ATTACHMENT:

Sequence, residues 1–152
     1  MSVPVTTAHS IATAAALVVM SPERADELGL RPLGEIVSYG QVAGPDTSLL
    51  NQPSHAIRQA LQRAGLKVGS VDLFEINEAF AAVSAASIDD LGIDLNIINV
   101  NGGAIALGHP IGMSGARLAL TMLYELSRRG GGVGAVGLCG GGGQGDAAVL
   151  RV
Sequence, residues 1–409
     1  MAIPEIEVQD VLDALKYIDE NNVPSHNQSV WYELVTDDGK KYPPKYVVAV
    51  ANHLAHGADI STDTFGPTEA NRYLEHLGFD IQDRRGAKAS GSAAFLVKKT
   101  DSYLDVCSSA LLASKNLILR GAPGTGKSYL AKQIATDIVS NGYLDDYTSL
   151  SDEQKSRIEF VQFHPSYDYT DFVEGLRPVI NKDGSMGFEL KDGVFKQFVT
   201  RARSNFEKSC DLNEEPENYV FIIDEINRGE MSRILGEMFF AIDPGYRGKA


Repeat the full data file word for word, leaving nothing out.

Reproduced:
Sequence, residues 1–152
     1  MSVPVTTAHS IATAAALVVM SPERADELGL RPLGEIVSYG QVAGPDTSLL
    51  NQPSHAIRQA LQRAGLKVGS VDLFEINEAF AAVSAASIDD LGIDLNIINV
   101  NGGAIALGHP IGMSGARLAL TMLYELSRRG GGVGAVGLCG GGGQGDAAVL
   151  RV
Sequence, residues 1–409
     1  MAIPEIEVQD VLDALKYIDE NNVPSHNQSV WYELVTDDGK KYPPKYVVAV
    51  ANHLAHGADI STDTFGPTEA NRYLEHLGFD IQDRRGAKAS GSAAFLVKKT
   101  DSYLDVCSSA LLASKNLILR GAPGTGKSYL AKQIATDIVS NGYLDDYTSL
   151  SDEQKSRIEF VQFHPSYDYT DFVEGLRPVI NKDGSMGFEL KDGVFKQFVT
   201  RARSNFEKSC DLNEEPENYV FIIDEINRGE MSRILGEMFF AIDPGYRGKA